Feb. 5 (Bloomberg) -- One of the themes of the film “The Monuments Men,” a Columbia Pictures and Fox 2000 Pictures production, is whether saving a work of art is worth a soldier’s life. This plays out as a team of art professionals goes into Europe in the last months of World War II to locate masses of art looted under Hitler’s orders.
On the red carpet last night for the film’s world premiere at the Ziegfeld Theater in New York, George Clooney, the film’s director, co-writer and star, clarified his own position.
“I don’t believe in the idea that anyone would die for a piece of art,” said Clooney, who plays the leader of the mission. “If you had the statue of David in your house and there’s a fire, and it was risking certain death, you save your family, you save your dog.”
Clooney was certainly not making light of the lives lost of The Monuments Men, whose true story is told in the book of the same name by Robert Edsel.
“The truth is that’s not what it’s really about,” Clooney said. “What it is about is that Hitler was trying to make it that these people never existed. He wanted to not just kill them all, not just conquer their land but he wanted to take their culture away. And that is worth dying for. And that’s the difference between dying for a piece of art and dying for culture.”
Clooney’s own art collection contains “no great pieces of art, just things that I buy,” he said. “I finally got some guy to come over, like an interior decorator, to fix up my house, and he started yanking out all the things that were on my walls. He said, ‘That’s a terrible painting.’ But I got that painting the first time I went to Paris. He said, ‘Yeah but it’s not a great painting.’ And I said, ‘Yeah but it’s important to me, I like the painting.’”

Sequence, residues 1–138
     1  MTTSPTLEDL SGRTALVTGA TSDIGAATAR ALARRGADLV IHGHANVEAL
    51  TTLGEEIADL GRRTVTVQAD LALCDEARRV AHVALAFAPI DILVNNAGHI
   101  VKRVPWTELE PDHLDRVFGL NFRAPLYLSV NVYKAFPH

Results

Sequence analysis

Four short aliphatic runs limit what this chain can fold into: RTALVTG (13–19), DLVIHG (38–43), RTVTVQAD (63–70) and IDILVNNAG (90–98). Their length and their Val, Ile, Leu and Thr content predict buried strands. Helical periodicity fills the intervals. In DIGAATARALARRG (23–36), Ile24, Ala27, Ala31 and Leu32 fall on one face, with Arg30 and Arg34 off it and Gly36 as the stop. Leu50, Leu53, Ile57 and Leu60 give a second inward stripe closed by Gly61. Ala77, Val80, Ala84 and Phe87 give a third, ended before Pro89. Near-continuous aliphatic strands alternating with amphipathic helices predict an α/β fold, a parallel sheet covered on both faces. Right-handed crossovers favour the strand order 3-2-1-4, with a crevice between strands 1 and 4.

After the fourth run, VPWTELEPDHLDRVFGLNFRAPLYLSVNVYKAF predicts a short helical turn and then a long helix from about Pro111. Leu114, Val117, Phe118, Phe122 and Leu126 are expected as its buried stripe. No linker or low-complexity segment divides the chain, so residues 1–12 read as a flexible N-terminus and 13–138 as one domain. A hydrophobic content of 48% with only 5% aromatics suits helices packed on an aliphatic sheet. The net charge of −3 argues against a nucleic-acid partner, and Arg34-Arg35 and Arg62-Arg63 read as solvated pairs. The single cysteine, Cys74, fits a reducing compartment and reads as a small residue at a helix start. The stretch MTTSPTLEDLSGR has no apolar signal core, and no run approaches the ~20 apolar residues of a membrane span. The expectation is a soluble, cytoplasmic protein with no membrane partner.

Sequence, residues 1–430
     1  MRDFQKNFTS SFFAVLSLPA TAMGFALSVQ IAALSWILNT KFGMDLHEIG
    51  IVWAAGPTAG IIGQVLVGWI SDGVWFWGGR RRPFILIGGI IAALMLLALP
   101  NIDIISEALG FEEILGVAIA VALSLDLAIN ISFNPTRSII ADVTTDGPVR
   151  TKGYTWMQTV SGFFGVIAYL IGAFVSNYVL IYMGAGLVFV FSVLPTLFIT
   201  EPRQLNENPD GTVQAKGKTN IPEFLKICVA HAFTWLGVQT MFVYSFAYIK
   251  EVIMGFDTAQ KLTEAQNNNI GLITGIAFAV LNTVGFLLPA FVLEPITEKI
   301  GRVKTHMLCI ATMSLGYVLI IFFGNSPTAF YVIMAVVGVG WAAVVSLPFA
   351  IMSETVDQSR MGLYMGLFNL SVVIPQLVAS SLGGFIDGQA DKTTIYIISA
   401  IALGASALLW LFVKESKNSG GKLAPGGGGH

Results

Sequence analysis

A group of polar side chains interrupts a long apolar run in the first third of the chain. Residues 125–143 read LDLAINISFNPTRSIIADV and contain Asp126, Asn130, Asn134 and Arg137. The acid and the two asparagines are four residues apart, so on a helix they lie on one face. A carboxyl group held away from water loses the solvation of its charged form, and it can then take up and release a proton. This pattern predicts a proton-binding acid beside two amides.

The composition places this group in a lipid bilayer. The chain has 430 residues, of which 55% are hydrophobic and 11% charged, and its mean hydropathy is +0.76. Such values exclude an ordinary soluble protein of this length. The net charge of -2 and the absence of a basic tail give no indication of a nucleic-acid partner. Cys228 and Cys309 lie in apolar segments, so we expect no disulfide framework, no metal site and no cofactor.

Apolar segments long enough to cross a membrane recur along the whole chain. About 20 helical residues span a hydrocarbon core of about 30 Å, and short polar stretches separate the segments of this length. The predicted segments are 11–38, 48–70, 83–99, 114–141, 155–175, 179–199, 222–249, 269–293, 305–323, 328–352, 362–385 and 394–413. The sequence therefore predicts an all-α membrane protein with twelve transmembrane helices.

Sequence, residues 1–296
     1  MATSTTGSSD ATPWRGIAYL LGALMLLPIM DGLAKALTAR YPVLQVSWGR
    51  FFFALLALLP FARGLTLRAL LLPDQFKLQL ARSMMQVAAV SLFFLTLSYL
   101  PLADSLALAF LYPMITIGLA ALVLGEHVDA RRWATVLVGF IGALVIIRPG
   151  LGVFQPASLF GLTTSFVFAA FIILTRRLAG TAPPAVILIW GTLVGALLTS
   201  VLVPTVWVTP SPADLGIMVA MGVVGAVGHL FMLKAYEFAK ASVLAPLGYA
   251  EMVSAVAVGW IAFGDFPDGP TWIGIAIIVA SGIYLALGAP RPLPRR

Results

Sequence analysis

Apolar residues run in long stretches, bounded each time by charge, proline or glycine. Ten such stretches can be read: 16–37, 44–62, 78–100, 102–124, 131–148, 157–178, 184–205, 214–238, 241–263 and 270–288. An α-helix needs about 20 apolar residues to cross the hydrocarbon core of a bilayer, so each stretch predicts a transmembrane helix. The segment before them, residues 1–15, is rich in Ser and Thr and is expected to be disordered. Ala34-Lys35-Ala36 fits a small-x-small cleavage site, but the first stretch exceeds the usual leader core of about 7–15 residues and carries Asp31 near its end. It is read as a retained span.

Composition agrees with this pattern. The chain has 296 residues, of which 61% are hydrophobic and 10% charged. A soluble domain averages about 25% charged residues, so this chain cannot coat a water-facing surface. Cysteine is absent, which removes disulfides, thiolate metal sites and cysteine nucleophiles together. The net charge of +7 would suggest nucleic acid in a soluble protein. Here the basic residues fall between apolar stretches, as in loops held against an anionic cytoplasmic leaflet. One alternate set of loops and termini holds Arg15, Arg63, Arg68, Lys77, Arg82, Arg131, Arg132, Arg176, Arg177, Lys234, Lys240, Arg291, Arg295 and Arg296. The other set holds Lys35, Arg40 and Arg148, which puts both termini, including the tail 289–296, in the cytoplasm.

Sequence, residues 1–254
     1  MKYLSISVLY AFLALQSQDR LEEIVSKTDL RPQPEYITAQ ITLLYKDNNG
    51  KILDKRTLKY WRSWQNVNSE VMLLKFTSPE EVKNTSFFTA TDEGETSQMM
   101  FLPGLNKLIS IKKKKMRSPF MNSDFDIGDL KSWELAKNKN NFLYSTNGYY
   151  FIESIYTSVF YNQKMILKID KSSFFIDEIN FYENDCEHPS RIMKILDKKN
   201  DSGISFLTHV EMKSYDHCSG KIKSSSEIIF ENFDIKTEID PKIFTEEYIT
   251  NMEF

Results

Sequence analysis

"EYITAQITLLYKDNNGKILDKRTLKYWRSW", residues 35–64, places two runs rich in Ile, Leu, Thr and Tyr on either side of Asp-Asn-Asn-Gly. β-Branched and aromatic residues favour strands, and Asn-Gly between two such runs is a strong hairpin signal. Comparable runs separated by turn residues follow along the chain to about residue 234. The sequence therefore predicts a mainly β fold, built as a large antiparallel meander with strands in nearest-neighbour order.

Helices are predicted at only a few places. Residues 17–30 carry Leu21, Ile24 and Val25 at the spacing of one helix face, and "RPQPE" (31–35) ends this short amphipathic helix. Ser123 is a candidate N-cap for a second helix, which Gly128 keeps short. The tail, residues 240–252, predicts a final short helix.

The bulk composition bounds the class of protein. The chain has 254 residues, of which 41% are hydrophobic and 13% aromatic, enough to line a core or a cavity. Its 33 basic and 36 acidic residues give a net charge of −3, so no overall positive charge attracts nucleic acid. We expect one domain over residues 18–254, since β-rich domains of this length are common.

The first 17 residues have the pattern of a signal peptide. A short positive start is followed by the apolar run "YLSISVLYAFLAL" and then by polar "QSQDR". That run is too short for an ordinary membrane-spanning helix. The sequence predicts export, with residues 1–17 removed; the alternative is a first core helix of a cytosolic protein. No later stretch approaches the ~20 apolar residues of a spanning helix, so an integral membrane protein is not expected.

The high-flying world of the art market did have a presence last night, with Gagosian Gallery a sponsor, and guests including artist Jeff Koons and collectors Henry Kravis, co-chairman of KKR & Co., Steve Schwarzman, chairman of Blackstone Group LP, and Glenn Fuhrman, co-managing partner of MSD Capital LP.
Hours before the event, Christie’s International sold $289 million of Impressionist, Modern and Surrealist art, the highest tally ever for a London auction. A Cubist still life by Juan Gris went for $56.8 million. In November, a Francis Bacon triptych sold for $142 million.
“They must really like the painting,” quipped John Goodman, a star in the film.
“I wish they’d spend a little less money on art and a little bit more money perhaps working with the Monuments Men Foundation to honor these men and women, because without them, a lot of this work wouldn’t be up there,” said Edsel, who created and runs the foundation. How much money? “A $20 million endowment.”
Hugh Bonneville, whose character’s crowning moment is finding Michelangelo’s 1504 sculpture “Madonna and Child” as yet undisturbed in a church in Bruges, Belgium, said his most valued work of art is headed for his bedroom wall.
“A local artist did a wonderful picture of my wife, and if someone wants to offer me $140 million for it, they’re not having it,” Bonneville said. What is she wearing? “Not very much.” Sounds like a good plot line for “Downton Abbey,” the show on which Bonneville plays Lord Grantham.
The film opens in U.S. theaters on Friday.
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